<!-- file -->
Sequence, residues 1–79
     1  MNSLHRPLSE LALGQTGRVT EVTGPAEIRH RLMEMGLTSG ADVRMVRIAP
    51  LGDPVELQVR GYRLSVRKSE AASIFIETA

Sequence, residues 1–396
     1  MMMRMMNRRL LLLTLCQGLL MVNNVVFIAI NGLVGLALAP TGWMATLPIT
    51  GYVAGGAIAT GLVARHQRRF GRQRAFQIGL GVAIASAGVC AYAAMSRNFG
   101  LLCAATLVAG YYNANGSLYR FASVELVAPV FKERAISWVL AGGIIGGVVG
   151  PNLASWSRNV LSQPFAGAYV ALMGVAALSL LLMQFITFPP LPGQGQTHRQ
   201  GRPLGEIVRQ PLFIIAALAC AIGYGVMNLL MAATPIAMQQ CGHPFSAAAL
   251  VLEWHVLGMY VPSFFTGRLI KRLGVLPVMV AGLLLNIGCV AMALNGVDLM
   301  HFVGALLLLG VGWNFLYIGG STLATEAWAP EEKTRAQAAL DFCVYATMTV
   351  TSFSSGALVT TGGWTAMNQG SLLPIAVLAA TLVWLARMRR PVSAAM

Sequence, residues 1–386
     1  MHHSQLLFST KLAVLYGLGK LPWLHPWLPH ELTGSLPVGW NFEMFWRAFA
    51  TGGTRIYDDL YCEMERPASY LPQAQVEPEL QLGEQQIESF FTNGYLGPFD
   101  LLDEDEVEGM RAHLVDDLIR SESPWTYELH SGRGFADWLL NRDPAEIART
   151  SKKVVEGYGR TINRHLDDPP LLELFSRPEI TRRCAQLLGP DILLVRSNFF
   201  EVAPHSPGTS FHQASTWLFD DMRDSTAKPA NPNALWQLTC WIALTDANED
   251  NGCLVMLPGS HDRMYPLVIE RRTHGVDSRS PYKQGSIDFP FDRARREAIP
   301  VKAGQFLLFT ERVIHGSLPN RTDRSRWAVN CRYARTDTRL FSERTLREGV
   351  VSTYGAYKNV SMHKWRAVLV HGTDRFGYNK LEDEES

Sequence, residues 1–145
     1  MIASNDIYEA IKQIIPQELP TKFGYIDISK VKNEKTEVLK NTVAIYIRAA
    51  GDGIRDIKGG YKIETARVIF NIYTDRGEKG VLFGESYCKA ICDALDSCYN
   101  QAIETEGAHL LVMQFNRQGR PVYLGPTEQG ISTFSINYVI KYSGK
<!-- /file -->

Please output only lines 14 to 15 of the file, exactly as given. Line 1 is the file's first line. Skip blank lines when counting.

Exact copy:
     1  MHHSQLLFST KLAVLYGLGK LPWLHPWLPH ELTGSLPVGW NFEMFWRAFA
    51  TGGTRIYDDL YCEMERPASY LPQAQVEPEL QLGEQQIESF FTNGYLGPFD